Even In Tsunamis, The Scum Rises To The Top; Let’s Beat Them To The Money

Sometimes it seems that human avarice and maliciousness know no bounds. The New York Sun reports today on a number of websites that have sprung up for fundraising in connection to tsunami relief, but these show no connection to known and trusted charitable organizations:

On eBay, sellers are hawking Pez dispensers, a gold necklace, a stuffed mouse, and a “hand-carved” Buddha statue with the promise that proceeds from the auctions will go directly to charities assisting the victims of the tsunami in Asia.
Visitors to tsunamireliefaid.com are directed to a crudely constructed Web site with photographs of those who appear to be tsunami victims and instructions urging users to send relief packages and $10 checks to a P.O. box in Germantown, Md.
As major aid agencies around the globe undertake what could be the costliest and most complex relief effort ever, the catastrophe in South Asia has also given rise to hundreds of newly born charities purporting to raise money for victims. …
Many of these charities are anonymous and don’t have the imprimatur of philanthropic associations. It’s unclear if the fund-raisers mentioned above are legitimate. But according to those familiar with online fraud, people looking to donate to the tsunami victims ought to be extra wary of unfamiliar Internet sites and individuals collecting money or goods.

Make sure your generosity benefits those who truly need it and not someone who contributes to their deaths by stealing the relief the victims so desperately need. Contribute through recognized charities, ones that have had long records of success in getting help to people without stealing from them. Many now recommend World Vision for effective use of donated money and material.
CQ reader Jeff Carlson has an interesting suggestion — one that could make a verifiable charity very happy:

How about a “World Relief Day” where Americans can pledge/donate 1 days take home pay to relief of the disaster victims? A lot of employers might match it as well …
I suggest January 12th …

How about it, CQ readers? Does January 12th sound like a good day for our own World Relief Day, where we pledge our take-home pay for that day to tsunami relief? Jeff suggests Red Cross as a beneficiary (the Amazon link), but I think CQ readers might be more comfortable with World Vision. Post your comments and I’ll make the decision based on the feedback received. I’ll also have a blogroll posted on January 12th of the blogs that link back to it.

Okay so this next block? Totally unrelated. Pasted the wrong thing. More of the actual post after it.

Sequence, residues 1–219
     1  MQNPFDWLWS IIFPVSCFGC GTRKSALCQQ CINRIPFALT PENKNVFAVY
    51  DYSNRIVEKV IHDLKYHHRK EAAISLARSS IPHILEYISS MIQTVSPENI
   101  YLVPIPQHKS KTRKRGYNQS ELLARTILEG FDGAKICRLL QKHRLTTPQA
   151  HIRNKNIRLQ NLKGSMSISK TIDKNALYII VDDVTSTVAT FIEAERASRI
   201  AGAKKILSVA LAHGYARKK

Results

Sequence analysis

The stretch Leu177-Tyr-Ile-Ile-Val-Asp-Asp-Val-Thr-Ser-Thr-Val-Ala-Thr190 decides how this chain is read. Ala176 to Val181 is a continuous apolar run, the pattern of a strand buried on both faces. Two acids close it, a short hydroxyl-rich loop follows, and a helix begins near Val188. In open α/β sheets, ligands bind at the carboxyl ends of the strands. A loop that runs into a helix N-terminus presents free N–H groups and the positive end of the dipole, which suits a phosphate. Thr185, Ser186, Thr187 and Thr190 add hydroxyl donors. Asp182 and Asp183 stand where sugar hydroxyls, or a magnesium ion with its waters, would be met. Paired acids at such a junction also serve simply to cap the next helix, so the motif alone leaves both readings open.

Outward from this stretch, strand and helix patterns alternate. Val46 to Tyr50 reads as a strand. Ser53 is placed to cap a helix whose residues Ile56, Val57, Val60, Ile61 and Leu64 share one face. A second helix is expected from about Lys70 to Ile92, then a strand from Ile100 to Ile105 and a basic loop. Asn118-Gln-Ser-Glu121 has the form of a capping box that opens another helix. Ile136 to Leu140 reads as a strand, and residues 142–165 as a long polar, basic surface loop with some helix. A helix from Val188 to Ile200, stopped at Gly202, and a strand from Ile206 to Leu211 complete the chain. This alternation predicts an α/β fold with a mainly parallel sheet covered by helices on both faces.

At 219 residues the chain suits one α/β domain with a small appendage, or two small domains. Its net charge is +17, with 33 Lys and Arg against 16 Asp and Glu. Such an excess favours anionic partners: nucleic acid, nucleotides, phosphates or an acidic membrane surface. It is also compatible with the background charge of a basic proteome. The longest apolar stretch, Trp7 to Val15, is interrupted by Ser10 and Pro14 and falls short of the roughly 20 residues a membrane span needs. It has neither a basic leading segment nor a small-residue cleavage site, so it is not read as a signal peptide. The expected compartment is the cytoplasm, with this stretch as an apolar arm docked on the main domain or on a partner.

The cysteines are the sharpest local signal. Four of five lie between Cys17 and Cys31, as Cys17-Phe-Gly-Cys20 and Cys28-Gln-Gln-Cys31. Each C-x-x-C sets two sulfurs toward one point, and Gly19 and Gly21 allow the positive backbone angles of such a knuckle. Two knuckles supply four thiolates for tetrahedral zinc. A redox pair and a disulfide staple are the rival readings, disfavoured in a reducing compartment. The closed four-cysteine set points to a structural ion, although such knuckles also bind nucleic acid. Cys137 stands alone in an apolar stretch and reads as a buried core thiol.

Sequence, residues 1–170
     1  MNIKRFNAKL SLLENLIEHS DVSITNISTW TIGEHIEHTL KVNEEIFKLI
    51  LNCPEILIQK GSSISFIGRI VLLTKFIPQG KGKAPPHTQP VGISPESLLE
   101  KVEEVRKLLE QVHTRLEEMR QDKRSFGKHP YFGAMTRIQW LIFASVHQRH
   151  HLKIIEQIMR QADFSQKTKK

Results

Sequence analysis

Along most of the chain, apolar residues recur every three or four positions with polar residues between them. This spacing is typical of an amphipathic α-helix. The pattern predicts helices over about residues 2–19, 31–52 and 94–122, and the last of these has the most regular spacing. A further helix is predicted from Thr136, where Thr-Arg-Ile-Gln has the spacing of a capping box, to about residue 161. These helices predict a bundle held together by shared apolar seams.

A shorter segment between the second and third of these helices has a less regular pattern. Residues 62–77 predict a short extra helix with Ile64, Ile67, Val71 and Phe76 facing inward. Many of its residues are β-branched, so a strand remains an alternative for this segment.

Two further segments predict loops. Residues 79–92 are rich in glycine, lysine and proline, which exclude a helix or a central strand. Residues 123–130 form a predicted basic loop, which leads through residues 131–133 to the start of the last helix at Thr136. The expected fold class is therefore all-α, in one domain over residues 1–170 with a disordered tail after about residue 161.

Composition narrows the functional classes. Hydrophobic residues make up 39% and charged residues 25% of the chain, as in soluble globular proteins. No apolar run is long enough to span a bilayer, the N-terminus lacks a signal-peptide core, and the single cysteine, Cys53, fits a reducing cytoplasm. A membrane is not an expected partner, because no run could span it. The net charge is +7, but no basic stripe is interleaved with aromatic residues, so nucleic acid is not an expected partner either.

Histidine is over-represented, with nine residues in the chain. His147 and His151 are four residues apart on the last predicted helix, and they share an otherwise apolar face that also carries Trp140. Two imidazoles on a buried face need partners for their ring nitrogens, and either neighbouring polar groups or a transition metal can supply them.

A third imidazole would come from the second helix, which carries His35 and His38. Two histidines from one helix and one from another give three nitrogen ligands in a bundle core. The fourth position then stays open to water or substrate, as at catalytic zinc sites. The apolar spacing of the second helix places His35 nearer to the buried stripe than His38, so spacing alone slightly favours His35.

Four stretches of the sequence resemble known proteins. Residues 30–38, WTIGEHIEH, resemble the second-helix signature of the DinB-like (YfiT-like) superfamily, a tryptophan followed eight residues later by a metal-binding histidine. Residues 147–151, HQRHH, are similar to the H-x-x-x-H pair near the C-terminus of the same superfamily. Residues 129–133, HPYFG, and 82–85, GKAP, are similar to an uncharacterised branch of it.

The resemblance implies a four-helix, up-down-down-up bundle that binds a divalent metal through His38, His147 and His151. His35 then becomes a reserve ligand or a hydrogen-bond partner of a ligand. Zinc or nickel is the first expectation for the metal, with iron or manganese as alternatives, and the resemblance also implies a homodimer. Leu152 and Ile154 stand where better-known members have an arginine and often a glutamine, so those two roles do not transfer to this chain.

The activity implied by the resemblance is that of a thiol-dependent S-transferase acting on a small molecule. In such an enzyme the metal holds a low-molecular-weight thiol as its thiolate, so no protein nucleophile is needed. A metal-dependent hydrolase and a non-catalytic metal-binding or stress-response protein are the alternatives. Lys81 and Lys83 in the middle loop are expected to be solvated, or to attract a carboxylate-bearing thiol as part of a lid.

Let’s see what good we can do here.

8 thoughts on “Even In Tsunamis, The Scum Rises To The Top; Let’s Beat Them To The Money”

  1. Online Con Artists Exploiting Tsunami Tragedy

    It sure didn’t take long:On eBay, sellers are hawking Pez dispensers, a gold necklace, a stuffed mouse, and a “hand-carved” Buddha statue with the promise that proceeds from the auctions will go directly to charities assisting the victims of the tsunam…

  2. For Whom the Bell Tolls

    The tsunami body count continues to rise. Drudge is reporting 400K. First, I think we all agree this is the worst natural disaster of our lifetime. But with all due respect to the victims, we must urge caution towards the death estimates that seem to…

  3. Blogger World Relief Day

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  4. Deathsploitation

    It’s a truism that disasters, natural and otherwise, bring out the best in humanity. A more exact observation is that events such as last week’s massive tsunami cause the dropping of masks, where human beings and their organisations display their tru…

  5. Tsunami News

    The death toll from the tsunami has passed 120,000 people. As it continues to climb, aid continues to increase as well. Amazon has raised over $8 million for the American Red Cross, the World Bank has offered $250 million in tsunami aid to the UN, and …

  6. Tsunami Notes — The Good, the Bad, and the Ugly

    Well, what should my first post of a new year be about, other than those two that specifically mentioned that it is a new year? There are several issues that I’ll continue to try to draw attention to and influence

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